Four best practices for Securing Microsoft Office 365 against pervasive cloud collaboration risks
The SolarWinds hack of December 2020 has deeply reinforced the growing realization amongst security practitioners that risks can spread easily across trusted applications in today’s multi-cloud, collaboration-centric environment.
The fact that the initial hack leveraged a compromised Office 365 email account, and then subsequently allowed attackers to compromise accounts of targeted SolarWinds personnel in business and technical roles, clearly highlights this issue and the need for related best practices to thwart similar campaigns.
What’s the big picture takeaway?
As noted by many experts, the SolarWinds attack is “unprecedented” as it directly sought access to cloud-based services as a primary objective. Owing to the inherent nature of “trust” as well as risks in the multi-cloud environment, the involved attackers successfully targeted authentication systems on the compromised network that provided access to Office 365 accounts used by government bodies and private third parties without tripping any alarms.
With this subversion of Office 365, the attackers thereby gained access and could have accessed all kinds of sensitive data (personal, financial, confidential) – including email credentials, business information, and active services. As new facts continue to surface, it is important to understand the related security risk footprint, an attack surface increasing due to the inherent “‘connectedness” of cloud applications, in general.
What are the key steps to better safeguarding Office 365 and cloud applications?
As we have seen, native cloud controls are often insufficient for countering sophisticated cyberattacks, especially as today’s organizations adopt dozens, if not hundreds of individual cloud and SaaS applications. Managing security and compliance across all of these individual applications and the data they hold is no simple task.
The following best practices are suggested to tackle security gaps across Office 365 and other connected clouds that are typically missed by traditional cloud security and data protection controls:
1. Enlist Contextual Access Controls
Centralize controls across Office 365 collaboration applications (Teams, Onedrive, SharePoint, Outlook) and other cloud applications to focus on secure access from any device and location. Create identity and context-aware policies based on user role, type, and location data and extend these policies to include the multi-cloud ecosystem as well as augmenting access control policies with MFA and SSO integrations. Layer contextual controls with additional encryption measures to ensure compliance with regional and global security standards.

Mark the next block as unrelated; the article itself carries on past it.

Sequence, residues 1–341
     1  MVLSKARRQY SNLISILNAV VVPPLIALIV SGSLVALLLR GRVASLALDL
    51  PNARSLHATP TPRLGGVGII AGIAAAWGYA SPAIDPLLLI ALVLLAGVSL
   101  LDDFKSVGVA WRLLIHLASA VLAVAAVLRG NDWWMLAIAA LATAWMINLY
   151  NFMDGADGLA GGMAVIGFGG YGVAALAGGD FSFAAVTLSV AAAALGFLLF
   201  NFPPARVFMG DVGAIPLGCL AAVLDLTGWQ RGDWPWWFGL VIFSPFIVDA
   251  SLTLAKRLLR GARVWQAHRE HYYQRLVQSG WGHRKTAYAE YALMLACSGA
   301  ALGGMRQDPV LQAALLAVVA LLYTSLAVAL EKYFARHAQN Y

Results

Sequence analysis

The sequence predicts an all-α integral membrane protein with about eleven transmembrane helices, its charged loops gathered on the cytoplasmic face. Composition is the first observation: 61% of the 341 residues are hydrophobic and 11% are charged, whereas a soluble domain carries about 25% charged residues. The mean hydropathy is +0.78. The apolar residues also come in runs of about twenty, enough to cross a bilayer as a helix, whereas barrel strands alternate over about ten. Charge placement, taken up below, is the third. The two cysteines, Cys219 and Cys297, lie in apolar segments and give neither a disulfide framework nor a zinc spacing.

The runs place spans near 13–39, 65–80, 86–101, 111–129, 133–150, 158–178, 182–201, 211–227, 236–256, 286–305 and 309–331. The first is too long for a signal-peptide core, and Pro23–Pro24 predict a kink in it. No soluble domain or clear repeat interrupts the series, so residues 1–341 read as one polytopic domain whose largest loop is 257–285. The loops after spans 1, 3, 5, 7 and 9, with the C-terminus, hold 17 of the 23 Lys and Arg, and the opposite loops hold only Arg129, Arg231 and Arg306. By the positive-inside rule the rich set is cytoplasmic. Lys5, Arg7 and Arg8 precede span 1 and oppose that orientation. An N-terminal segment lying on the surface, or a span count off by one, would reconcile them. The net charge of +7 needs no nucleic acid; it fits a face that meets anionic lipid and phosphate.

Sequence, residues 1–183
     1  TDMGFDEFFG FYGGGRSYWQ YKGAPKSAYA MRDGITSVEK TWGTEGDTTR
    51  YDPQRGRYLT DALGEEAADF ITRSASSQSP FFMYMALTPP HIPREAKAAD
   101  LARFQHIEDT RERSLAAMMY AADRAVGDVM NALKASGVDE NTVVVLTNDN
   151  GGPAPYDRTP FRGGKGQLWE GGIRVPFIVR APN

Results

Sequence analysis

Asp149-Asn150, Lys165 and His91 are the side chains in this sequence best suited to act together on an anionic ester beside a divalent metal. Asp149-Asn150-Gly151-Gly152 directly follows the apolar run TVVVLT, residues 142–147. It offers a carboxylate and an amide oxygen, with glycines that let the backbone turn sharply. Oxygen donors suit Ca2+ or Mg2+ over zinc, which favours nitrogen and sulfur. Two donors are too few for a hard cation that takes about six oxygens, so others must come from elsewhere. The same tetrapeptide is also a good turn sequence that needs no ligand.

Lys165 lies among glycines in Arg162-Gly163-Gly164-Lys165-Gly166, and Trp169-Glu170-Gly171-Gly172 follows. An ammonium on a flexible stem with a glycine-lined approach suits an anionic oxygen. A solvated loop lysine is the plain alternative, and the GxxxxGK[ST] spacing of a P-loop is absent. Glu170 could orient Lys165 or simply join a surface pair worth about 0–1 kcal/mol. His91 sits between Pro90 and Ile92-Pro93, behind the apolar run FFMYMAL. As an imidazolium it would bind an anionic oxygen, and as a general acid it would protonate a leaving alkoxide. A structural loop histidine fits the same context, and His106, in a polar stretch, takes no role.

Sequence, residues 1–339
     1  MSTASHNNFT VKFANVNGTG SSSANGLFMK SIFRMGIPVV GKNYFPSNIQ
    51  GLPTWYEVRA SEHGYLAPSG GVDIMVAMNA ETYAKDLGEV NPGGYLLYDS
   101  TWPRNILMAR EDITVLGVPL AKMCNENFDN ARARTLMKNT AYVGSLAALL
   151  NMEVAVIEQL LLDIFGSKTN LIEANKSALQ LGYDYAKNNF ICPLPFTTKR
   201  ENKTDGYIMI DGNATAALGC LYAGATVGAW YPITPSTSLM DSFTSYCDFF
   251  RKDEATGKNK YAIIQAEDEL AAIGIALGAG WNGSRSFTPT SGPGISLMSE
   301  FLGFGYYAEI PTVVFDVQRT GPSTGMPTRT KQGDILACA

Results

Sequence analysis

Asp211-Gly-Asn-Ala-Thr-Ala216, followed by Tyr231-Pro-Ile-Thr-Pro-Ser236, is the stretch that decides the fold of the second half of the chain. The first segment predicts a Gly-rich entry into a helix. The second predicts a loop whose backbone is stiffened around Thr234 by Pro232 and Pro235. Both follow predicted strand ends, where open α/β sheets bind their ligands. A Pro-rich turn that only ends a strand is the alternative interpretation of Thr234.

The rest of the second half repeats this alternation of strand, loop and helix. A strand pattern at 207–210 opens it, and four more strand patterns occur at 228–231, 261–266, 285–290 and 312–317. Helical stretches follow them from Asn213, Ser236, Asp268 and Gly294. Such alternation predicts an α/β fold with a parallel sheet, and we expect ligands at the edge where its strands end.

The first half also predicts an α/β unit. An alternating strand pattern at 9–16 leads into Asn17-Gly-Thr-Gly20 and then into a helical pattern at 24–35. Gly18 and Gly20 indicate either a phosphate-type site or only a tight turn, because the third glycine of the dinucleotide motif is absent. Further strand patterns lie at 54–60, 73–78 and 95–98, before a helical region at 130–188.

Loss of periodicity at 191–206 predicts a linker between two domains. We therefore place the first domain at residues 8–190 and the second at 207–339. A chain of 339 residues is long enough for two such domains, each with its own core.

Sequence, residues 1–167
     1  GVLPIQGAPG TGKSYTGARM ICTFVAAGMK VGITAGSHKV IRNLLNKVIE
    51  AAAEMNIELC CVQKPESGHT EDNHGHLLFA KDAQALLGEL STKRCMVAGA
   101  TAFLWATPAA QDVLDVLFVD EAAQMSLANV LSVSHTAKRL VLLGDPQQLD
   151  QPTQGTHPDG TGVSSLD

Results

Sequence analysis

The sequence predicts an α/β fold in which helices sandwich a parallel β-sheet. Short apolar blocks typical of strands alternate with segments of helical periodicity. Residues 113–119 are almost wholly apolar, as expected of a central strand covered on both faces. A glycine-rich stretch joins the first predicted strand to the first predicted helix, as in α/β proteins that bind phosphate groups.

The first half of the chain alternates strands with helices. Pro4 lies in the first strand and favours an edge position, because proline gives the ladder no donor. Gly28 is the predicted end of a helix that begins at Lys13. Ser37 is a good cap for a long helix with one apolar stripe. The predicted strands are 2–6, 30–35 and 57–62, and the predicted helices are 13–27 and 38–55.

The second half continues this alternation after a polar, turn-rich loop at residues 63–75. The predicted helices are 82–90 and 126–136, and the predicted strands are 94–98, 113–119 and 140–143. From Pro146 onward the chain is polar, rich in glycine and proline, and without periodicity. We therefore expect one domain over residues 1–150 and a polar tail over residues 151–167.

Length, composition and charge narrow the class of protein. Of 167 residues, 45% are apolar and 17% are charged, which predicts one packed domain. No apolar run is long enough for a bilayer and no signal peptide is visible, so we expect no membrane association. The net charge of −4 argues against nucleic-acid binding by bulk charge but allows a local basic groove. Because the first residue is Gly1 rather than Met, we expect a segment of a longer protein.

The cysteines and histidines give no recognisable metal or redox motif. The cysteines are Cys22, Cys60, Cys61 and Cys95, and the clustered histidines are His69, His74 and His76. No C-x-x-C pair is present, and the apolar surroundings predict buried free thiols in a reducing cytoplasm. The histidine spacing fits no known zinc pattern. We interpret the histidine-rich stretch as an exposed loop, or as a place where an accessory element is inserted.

2. Monitor user behavior to identify insider threats
Leverage analytics to establish a baseline for normal user behavior and activities across different Office 365 cloud applications that deviate from the modeled baseline. This ensures that anomalous user actions or risky events can be instantly flagged for review and appropriate response in real-time. Build-in an incident governance and review cycle to correlate plausible threats or risks with user activities and anomalous behavior.
3. Layer cloud data protection
It is important to understand the sensitivity of different types of data moving or stored in the Office 365 ecosystem of an organization. Integrating DLP policies, content inspection, and malware protection prevents infected file uploads, and helps address related data security and compliance challenges. As data from Office 365 applications can be easily downloaded and shared externally through email or other means, employ a solution that can auto-encrypt data based on its classification. Also, ensure that outdated O365 policies are regularly scanned and removed to prevent attackers from exploiting security loopholes.
4. Enforce advanced threat protection
Integrate cloud and data security strategy with leading antivirus & anti-malware solutions for deep scanning of all incoming and outgoing traffic on Office 365 cloud for malicious content or infected files. Map integrated context-centric policies with relevant controls to ensure emerging threats can be dealt with immediately and accurately across multiple cloud applications and data sets.
Secure your Microsoft 365 with Comprehensive Security
Looking forward, the challenge of properly securing the cloud environment and related data against supply chain attacks clearly requires an integrated security strategy that delivers stronger and deeper endpoint protection; enforces contextual data loss prevention policies, monitors user and device behaviors, provides visibility into ongoing cloud transactions, and controls access across all cloud applications thereby limiting exposure due to collaboration on the cloud.